> for each varchar field is 255 * 3. So for two varchar fields, the space
> allocated will exceed 1000 bytes and thus fail (while setting the primary
> key).
>
>
> Cheers,
> Arun
>
>
> On Fri, Jan 29, 2010 at 12:36 AM, James Golick <jamesgolick@gmail.com>wrote:
>
>> I'm not sure I'm following. It's not possible to index two varchar fields
>> at all with MySQL? I'm 99% sure I've done it in the past...
>>
>>
>> On Thu, Jan 28, 2010 at 2:39 AM, Arun Thampi <arun.thampi@gmail.com>wrote:
>>
>>> Just an update - I've managed to work around this for now, by defining
>>> one of my indexed fields as Integer. Will be awesome to be able to index on
>>> two string fields in UTF-8 for the future. Will try to dig up more on an
>>> elegant solution.
>>>
>>> Cheers,
>>> Arun
>>>
>>>
>>> On Thu, Jan 28, 2010 at 4:37 PM, Arun Thampi <arun.thampi@gmail.com>wrote:
>>>
>>>> Hi guys - Been using Friendly for the last couple of weeks and really
>>>> liking it, but hit a roadblock yesterday which will delay us pushing our
>>>> Friendly app to production. Basically, Friendly.create_tables! fails with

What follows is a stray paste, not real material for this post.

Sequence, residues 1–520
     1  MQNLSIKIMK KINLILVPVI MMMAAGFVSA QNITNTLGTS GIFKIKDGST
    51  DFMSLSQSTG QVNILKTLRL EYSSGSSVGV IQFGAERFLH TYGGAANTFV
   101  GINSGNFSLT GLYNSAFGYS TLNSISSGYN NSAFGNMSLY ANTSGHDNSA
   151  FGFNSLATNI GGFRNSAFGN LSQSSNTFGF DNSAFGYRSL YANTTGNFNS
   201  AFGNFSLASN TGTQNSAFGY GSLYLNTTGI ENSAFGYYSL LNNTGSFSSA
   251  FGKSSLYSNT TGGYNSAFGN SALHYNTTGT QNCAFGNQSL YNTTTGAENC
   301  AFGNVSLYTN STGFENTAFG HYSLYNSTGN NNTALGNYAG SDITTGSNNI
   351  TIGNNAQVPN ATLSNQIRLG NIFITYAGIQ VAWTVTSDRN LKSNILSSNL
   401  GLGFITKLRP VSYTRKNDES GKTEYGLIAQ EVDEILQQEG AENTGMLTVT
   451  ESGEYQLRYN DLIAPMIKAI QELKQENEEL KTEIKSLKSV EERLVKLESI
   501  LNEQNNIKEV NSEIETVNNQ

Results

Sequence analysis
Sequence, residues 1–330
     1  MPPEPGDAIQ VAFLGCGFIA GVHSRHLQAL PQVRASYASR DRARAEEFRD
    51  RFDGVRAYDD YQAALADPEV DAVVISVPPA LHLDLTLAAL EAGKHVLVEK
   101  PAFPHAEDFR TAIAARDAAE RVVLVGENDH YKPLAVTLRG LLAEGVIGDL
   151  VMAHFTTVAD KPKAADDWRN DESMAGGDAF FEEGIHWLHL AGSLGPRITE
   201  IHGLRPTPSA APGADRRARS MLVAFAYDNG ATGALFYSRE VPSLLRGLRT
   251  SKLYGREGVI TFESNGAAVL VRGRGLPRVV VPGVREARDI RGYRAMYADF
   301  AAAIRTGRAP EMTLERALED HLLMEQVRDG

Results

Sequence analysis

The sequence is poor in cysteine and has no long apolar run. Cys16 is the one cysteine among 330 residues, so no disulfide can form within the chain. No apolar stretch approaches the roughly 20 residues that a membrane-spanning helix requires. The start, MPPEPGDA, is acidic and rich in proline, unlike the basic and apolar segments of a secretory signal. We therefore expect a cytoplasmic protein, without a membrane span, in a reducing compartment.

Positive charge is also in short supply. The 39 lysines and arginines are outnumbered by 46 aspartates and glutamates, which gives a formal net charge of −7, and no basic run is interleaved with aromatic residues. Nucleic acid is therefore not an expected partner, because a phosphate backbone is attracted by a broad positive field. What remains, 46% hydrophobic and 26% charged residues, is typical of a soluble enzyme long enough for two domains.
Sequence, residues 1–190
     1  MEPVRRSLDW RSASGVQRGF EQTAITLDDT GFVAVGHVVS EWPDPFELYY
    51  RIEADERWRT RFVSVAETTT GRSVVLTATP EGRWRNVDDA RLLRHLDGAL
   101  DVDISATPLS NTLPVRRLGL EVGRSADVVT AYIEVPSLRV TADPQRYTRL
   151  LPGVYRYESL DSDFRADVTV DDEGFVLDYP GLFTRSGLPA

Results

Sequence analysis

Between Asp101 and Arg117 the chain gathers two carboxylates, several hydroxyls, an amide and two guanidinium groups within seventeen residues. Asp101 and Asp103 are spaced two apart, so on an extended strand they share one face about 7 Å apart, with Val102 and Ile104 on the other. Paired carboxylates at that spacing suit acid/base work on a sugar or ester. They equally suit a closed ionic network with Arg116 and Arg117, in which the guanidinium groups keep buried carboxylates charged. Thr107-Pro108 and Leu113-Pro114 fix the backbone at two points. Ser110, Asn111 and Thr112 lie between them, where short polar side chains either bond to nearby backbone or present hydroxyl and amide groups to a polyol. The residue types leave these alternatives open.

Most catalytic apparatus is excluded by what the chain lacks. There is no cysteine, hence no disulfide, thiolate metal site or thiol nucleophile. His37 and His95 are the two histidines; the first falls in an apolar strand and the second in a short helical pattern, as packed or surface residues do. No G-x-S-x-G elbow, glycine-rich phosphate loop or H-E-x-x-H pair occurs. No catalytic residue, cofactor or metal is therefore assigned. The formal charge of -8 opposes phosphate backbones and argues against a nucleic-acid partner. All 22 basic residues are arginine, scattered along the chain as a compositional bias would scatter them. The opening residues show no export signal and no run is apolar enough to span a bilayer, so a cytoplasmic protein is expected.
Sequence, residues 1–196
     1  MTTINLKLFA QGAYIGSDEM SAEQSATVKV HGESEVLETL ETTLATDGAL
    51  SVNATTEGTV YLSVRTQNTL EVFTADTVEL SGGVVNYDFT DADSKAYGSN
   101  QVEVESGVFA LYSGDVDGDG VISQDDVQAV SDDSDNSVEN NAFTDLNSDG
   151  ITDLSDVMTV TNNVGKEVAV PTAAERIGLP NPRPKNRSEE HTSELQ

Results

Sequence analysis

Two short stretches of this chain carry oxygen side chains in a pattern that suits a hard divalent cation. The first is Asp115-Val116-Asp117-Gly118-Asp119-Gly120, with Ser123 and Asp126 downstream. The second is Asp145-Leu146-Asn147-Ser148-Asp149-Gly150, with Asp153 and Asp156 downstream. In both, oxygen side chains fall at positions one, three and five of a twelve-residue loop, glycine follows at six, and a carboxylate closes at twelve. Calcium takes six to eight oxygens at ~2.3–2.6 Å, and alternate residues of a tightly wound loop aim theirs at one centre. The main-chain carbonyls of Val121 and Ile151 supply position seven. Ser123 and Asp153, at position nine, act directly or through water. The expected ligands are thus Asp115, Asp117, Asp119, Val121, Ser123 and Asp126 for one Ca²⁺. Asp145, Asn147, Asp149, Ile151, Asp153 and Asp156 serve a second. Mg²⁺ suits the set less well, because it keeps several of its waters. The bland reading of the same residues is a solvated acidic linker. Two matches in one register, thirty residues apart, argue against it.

>>>> this error "Mysql::Error: Specified key was too long; max key length is
>>>> 1000 bytes" when creating indexes for more than one 'text' field is
>>>> involved, and the charset is set to UTF-8.
>>>>  This is because MySQL has an arbitrary index-length of 1000 bytes, so
>>>> for two fields which are varchar(255), the worst-case length calculated by
>>>> MySQL for the index will be (255 + 255) * 3 ( > 1000). (3-bytes since it's
>>>> UTF-8) The bug-listing is here: http://bugs.mysql.com/bug.php?id=4541
>>>>
>>>> I've tried to come up with a work-around by removing the "primary_key
>>>> table.fields.flatten + [:id]" generator in TableCreator#create_index_table
>>>> and then creating the index by hand by doing something like this:
>>>> db.execute("ALTER TABLE #{table.table_name} ADD PRIMARY KEY(permalink(164),
>>>> location(164), id);") but it feels very hackish.
>>>>
>>>> Are there other ways to do this, or any other workaround? Appreciate any
>>>> pointers. I've raised an issue on GitHub.
>>>>
>>>> Thanks in advance.
>>>>
>>>> Cheers,
>>>> Arun
>>>>
>>>> --
>>>> It's better to be a pirate than join the Navy - Steve Jobs
>>>> http://mclov.in
>>>>
>>>
>>>
>>>
>>> --
>>> It's better to be a pirate than join the Navy - Steve Jobs
>>> http://mclov.in
>>>
>>
>>
>
>
> --
> It's better to be a pirate than join the Navy - Steve Jobs
> http://mclov.in
>